China Loses Raw Materials Case In World Trade Organization’s Appellate Body; Possible Implications For China’s Rare Earth Metals Quotas

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The World Trade Organization (“WTO”) Appellate Body found that China’s export restrictions on a variety of raw materials violate WTO trade rules. The restrictions at issue limit China’s exports of bauxite, coke, fluorspar, magnesium, manganese, silicon carbide, silicon metal, and zinc. These products are used as inputs in the steel, aluminum, and chemicals industries. The Appellate Body’s report, circulated on January 30 and adopted by the WTO’s Dispute Settlement Body on February 22, largely affirmed the earlier WTO Panel Report circulated in July 2011. China will enter into negotiations with the complaining parties -- the United States, the European Union, and Mexico -- regarding how it will bring its measures into compliance with the Appellate Body’s report, bringing to a close this dispute that began in 2009.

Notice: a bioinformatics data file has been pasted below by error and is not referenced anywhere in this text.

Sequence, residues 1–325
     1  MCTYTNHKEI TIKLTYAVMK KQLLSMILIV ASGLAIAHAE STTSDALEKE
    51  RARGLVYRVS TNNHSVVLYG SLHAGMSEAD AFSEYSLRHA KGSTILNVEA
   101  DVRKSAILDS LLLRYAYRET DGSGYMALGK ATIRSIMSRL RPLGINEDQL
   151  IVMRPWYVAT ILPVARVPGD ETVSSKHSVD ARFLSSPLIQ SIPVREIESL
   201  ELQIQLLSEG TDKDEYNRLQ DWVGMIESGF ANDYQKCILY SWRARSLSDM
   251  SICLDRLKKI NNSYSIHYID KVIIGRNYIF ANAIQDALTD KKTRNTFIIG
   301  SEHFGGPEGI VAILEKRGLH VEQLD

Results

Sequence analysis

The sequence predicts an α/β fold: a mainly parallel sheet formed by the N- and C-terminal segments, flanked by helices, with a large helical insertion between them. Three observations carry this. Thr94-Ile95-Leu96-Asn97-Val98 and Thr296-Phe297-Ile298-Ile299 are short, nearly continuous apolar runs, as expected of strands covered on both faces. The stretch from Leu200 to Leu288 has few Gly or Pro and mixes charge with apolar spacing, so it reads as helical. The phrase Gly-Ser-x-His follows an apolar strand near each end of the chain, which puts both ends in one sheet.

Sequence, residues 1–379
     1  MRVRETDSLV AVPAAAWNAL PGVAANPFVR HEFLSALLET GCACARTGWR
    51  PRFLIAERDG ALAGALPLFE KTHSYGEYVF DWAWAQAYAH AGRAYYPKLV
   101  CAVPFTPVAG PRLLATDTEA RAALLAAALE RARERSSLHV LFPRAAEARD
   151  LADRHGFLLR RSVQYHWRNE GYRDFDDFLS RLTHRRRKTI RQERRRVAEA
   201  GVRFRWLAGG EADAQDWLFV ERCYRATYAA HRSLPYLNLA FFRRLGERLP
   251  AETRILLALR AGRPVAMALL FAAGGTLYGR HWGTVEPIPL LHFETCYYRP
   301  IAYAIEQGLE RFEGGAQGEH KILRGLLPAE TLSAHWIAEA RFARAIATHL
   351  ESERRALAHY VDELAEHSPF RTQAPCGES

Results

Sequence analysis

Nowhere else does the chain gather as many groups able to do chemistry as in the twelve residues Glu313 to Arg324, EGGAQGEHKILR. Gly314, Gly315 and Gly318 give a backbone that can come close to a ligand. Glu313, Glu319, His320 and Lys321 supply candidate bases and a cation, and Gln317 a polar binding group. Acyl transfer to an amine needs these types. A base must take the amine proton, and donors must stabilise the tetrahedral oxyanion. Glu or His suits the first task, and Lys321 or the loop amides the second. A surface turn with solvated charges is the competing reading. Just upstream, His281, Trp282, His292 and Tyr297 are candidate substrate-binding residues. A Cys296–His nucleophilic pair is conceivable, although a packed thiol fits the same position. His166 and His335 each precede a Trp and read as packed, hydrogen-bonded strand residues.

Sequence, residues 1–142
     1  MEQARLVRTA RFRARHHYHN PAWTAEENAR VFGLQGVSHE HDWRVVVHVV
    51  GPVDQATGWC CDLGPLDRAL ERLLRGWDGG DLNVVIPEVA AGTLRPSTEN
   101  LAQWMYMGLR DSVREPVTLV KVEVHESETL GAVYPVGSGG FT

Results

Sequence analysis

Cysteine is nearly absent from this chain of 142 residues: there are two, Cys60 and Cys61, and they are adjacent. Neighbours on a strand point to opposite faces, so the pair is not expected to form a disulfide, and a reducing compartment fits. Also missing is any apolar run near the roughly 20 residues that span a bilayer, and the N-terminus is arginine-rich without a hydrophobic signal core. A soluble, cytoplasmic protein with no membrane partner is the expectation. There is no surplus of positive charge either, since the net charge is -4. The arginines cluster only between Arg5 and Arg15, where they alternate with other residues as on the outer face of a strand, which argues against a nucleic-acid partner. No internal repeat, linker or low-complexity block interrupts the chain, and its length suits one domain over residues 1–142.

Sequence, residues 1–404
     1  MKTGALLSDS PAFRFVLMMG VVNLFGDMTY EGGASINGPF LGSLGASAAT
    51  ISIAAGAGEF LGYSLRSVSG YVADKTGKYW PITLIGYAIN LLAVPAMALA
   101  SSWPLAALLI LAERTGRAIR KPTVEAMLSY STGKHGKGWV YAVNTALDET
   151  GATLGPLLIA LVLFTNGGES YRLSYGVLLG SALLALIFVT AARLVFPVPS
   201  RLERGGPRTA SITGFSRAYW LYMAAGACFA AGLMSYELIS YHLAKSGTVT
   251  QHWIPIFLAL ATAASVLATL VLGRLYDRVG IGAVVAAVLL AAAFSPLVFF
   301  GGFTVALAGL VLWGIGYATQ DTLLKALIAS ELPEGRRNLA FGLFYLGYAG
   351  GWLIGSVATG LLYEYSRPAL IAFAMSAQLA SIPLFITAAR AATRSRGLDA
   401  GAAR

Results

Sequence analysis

Representatives of both the United States and the European Union commended this ruling, with U.S. Trade Representative Ron Kirk noting that the Chinese export restrictions not only make it more expensive for U.S. manufacturers to obtain the raw materials they need, but also artificially lower input costs for competing Chinese producers.

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Published In: Antitrust & Trade Regulation Updates, General Business Updates, International Trade Updates

DISCLAIMER: Because of the generality of this update, the information provided herein may not be applicable in all situations and should not be acted upon without specific legal advice based on particular situations.

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